What’s in a Logo? Branding 101

In marketing circles, there are any number of definitions of the concept of “brand” and “branding”. Mostly good and helpful, but in it all, it tends to get a little complicated. I find it helpful to think of branding as perception.

Your brand is essentially how (past and potential) clients perceive your business’s reputation. The way your audience feels about what you offer. Branding involves helping to inform this perception.

Whether we like it or not, perception is as good as reality. How a person perceives a thing is their reality of the thing. Deep, I know  😉

Now, changing perception takes time and involves a lot of hard work. So, like many things in life, making a good first impression is critical in marketing your business well. It’s at least half the battle. Of course, the other half the battle is producing a quality product with top-notch service delivery. This is where we turn a client’s good perception of us into a positive reality.

BUT … but don’t miss out on the chance to make that good first impression. (Yep, that second impression is a much harder sell.)

One of the ways to make a first impression lies in the concept of design, and specifically, the logo of your business.

What’s in a Logo?

Your logo is often the very first “touch point” a client has with your business, especially in our online world. In a world drowning in content, special offers and promotional jargon, our eyes gravitate to pictures, symbols, and icons. We filter out the clutter and zero-in on the simple.

Whether it’s on social media, a visit to your website or even via promotional material you use, your audience focuses first on the “picture” of your business, your logo.

And here’s an inside tip from someone who designs websites. A logo goes a long way to determining the overall design of the site, too. The “aurora” of a logo, for a lack of a better word, helps to determine things from intangibles on the one hand (like the feel of the site), to tangibles on the other hand (like the colour palette, the typography, and so on).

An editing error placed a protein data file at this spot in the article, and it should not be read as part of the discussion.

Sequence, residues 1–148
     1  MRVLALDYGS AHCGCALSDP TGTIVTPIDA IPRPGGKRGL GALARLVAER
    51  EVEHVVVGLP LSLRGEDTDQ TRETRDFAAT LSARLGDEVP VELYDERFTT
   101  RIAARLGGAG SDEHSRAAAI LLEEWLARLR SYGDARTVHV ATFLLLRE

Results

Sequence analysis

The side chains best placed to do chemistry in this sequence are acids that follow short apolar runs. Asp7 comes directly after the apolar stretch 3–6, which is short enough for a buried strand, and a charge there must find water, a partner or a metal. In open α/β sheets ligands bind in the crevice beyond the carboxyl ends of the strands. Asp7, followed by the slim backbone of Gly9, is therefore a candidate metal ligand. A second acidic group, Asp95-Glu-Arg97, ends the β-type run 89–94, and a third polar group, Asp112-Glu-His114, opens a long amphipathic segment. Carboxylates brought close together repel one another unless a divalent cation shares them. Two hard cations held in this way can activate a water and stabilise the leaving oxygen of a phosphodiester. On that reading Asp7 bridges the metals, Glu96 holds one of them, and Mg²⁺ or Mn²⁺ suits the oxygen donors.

Paul Rand said,

Design is the silent ambassador of your brand.”

In other words, your design is working for you 24/7/365. A good logo works for you. The truth is, a poor logo could be working against you.

Yes, design is more than just a logo. However, design often starts with a logo and it’s often defined by a logo.

Getting Your Logo Right

Getting your logo right means taking the time to get it right. While I always point people to Digital Inc Media, who do a bang up job of logo design at very affordable rates, there is great value in exploring as many options as possible. I highly recommend playing on a few free logo-makers to get a sense of what you like and what you don’t.

Recently, I met Greg from Logojoy.com and took their tool for a spin. By utilising artificial intelligence and advanced learning algorithms, Logojoy’s online logo design tool produces designs in the same way a designer would. In a few minutes, you’ll get a number of logo options to play with. It’s really quite incredible and a heap of fun. To start, you just pop your business name into this very inviting little space on their website:

Logojoy, What's in a Logo

You’ll then click on a few options like style layout and colour but I recommend taking your time at the fourth step, “Search and add up to five symbols”. Explore Logojoy’s database of symbols and pick at least five you like. (It’s from these symbols that you’ll generate your options.) You are able to make substantial edits later (including your symbols), but take your time hunting down symbols you like to generate options that grab you.

You can check out how it works here and there are a number of videos you can peruse on their YouTube channel. Please note, having a play on their tool to generate ideas is free but it is a premium service. That said, their pricing structure is very reasonable.

Now What?

Once you’ve generated a number of logo options, how do you make a choice? Ask a few friends for their first impression. While you can ask questions like, “Does it look good?”, “Does it capture the essence of my business?”, “Does it convey the right vibe?”, I like what Milton Glaser said:

There are three responses to a piece of design – yes, no, and WOW!”

It goes without saying that you’re aiming for the third option.

Jeff Bezos said, “A brand for a company is like a reputation for a person. You earn reputation by trying to do hard things well.” One of the hard things to do well is getting your logo right.

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